Yea and the gov't put conspiracy lenses on all types of cameras to only make the horizon appear curved

I'm so tempted to put a scratch and sniff at the bottom of a pool and see what you do...

I really don't see how the FE'ers can say that everything is fake/distorted. Not every lense makes things only farther away than a mile appear distorted. My camera doesn't. Convenient how every camera is defective don't you think?

yea and they think when you post a pic of the horizon, they think the actual horizon spans across about 50 or 60 feet

because they all fled to their FE cave were they are trying to make it so that they don't contridicte eachother every other post

Quote from: The Government on February 26, 2007, 02:25:50 PMyea and they think when you post a pic of the horizon, they think the actual horizon spans across about 50 or 60 feetI suggest you do a mathematical calculation of the amount of curvature visible at some altitude. It's been done many times on this forum. You should do it yourself if you can't search or don't believe anyone else.

Quote from: EvilToothpaste on February 26, 2007, 03:08:42 PMQuote from: The Government on February 26, 2007, 02:25:50 PMyea and they think when you post a pic of the horizon, they think the actual horizon spans across about 50 or 60 feetI suggest you do a mathematical calculation of the amount of curvature visible at some altitude. It's been done many times on this forum. You should do it yourself if you can't search or don't believe anyone else. I did do it myself, why dont you search my posts

I did do it myself, why dont you search my posts

The height of a spherical cap (as depicted below by the "small circle" image) with a small-circle radius of 4 miles and a spherical radius of 4000 miles (8000 mile diameter) is another easy Pythagorean triangle: You're gonna have to ignore the 'a' on the second picture there. it should be 't'. Using equations from my previous post to find 't' (shown as 'a' in the picture):t = sin[atan(r/s)]*sPythagorean triangle of side 't' and hypotenuse 'r' to find 'h':h = r - sqrt[ r^2 - t^2]then multiply by 5280 to get feet yields:h=10.0 feet (mathematica file available)side note: Notice how h is exactly the same as 'a'? This is the exact reason why the height of a person is negligible compared to the size of the Earth.That means that you, at an altitude of ten feet, are a total of 20 feet higher than the plane of the horizon. Keep in mind the horizon is 4 miles away. That is, 21,000 feet away, which puts the horizon at a declination of:arcsin(20/21120) = 0.05 degrees from the horizontal. Looking up, the sky takes up 180.1 degrees of your field of vision. You are not going to notice that curvature. If you don't think that angle is very small, take out your protractor and try to draw two lines 0.06 degrees apart. They will end up looking like a single fat line on one end (even if your protractor had that great of precision). That is because 20 feet is very small compared to 20,000 feet. That is why one cannot ever hope to notice the curvature of a round Earth by just looking at the horizon; it is negligible. The Earth is huge, and we are not.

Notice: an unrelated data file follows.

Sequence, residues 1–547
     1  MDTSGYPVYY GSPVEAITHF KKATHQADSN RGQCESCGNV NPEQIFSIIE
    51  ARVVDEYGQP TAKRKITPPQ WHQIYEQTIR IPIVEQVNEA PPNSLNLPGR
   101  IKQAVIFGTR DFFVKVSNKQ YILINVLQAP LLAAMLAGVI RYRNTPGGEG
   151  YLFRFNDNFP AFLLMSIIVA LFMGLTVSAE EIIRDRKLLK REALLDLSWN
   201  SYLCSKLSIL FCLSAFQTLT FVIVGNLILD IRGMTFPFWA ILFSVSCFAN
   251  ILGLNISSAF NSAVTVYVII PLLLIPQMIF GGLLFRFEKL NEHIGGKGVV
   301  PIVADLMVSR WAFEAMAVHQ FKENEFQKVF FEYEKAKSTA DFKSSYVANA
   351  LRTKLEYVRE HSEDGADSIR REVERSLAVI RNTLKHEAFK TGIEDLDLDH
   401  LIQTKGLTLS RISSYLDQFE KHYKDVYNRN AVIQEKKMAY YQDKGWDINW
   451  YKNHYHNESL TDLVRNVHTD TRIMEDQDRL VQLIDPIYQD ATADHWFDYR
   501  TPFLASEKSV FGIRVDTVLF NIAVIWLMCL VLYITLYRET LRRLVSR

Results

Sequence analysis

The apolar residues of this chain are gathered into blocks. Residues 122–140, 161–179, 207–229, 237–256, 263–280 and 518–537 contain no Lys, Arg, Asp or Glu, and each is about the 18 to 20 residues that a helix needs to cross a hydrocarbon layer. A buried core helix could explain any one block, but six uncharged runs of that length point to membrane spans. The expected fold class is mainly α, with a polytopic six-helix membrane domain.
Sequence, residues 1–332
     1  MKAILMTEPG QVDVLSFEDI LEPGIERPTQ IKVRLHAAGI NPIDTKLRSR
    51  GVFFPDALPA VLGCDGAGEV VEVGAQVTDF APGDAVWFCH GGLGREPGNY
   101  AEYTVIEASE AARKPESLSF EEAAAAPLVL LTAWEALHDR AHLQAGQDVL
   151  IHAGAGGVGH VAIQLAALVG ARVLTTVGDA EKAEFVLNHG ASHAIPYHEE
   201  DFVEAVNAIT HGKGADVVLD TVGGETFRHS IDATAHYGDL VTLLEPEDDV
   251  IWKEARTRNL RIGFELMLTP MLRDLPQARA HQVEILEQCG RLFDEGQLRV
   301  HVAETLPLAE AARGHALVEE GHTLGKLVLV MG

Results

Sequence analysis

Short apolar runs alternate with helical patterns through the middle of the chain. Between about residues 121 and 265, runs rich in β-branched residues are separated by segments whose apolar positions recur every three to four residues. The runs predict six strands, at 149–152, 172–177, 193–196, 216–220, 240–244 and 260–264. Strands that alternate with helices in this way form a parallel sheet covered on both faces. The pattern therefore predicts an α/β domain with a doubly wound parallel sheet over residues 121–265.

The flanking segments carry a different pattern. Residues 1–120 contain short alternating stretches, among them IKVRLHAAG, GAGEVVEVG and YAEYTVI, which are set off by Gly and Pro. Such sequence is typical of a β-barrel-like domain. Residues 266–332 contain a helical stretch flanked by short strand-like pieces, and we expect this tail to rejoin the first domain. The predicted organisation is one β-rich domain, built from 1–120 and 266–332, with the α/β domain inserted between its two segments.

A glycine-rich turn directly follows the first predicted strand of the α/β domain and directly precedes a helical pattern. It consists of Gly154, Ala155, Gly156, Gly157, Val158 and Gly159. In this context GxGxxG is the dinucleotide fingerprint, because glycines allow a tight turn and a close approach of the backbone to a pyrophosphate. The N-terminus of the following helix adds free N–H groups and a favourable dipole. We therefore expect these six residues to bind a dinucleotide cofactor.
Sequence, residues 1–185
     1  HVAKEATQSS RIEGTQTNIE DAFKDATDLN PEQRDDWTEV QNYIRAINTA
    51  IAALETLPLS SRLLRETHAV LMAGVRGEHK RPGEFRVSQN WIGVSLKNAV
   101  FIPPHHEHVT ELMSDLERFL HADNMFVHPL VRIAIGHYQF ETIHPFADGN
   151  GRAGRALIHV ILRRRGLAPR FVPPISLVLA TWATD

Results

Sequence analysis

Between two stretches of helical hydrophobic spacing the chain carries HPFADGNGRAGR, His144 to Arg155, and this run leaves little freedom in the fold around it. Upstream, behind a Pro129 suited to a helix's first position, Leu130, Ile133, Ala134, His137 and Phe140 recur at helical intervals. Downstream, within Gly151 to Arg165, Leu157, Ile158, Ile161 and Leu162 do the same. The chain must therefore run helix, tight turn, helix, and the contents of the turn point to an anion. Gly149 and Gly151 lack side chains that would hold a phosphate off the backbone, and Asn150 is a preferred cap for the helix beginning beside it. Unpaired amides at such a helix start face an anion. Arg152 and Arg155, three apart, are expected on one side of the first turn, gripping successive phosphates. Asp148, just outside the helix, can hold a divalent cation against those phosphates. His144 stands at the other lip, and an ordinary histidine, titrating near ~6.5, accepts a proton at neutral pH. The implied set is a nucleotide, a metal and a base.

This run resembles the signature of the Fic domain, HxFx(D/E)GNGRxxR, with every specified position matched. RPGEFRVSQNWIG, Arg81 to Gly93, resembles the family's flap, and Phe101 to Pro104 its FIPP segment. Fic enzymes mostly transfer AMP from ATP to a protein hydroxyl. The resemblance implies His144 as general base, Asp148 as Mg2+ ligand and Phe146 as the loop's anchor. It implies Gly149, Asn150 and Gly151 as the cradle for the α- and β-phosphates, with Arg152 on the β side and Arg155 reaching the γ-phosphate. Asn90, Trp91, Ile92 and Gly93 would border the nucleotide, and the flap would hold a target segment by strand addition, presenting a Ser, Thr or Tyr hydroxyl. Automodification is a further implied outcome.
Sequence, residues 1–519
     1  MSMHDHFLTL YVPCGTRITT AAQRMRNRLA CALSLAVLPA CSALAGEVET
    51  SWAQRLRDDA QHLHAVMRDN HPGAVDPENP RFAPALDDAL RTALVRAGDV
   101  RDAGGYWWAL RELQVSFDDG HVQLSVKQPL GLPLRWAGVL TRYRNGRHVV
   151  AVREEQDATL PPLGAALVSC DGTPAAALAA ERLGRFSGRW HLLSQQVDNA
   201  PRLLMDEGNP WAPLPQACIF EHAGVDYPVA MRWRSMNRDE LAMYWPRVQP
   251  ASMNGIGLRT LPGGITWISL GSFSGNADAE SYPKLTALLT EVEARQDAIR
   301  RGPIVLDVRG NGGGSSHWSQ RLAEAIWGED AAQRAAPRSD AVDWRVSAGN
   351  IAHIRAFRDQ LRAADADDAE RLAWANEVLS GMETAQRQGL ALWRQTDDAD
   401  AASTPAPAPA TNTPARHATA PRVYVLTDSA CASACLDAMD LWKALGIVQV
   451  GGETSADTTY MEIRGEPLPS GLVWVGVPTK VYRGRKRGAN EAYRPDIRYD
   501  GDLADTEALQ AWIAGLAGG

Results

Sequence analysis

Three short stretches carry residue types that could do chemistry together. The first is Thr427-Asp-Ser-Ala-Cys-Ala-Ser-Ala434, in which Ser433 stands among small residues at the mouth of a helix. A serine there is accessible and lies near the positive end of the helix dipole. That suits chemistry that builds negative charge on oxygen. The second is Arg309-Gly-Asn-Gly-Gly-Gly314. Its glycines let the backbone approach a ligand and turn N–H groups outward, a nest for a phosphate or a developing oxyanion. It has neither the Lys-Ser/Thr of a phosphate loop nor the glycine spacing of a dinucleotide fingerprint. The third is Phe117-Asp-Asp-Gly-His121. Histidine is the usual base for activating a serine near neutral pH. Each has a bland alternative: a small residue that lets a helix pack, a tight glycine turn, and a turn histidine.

Quote from: GeoGuy on February 24, 2007, 08:27:23 PMFirstly, you are aware that flying over the north pole is perfectly possible on a FE, yes?Second, those are some nice pictures, but the curvature in them is nothing more than a trick of the camera, as no curvature is visible whatsoever from that altitude.I think you fail to appreciate just how big Earth really is in either model.you too are also and idiotfor about every 5 miles, the earth 'drops' about 16 feet i think where you see the curves is well over 5 miles long

Firstly, you are aware that flying over the north pole is perfectly possible on a FE, yes?Second, those are some nice pictures, but the curvature in them is nothing more than a trick of the camera, as no curvature is visible whatsoever from that altitude.I think you fail to appreciate just how big Earth really is in either model.

Read the FAQ and lurk more.

Quote from: kasroa on February 26, 2007, 05:52:46 PMDoesn't Earth drop about 8 inches per mile. 16 feet drop every 5 miles is way to high.oops, i must have read some false info

Doesn't Earth drop about 8 inches per mile. 16 feet drop every 5 miles is way to high.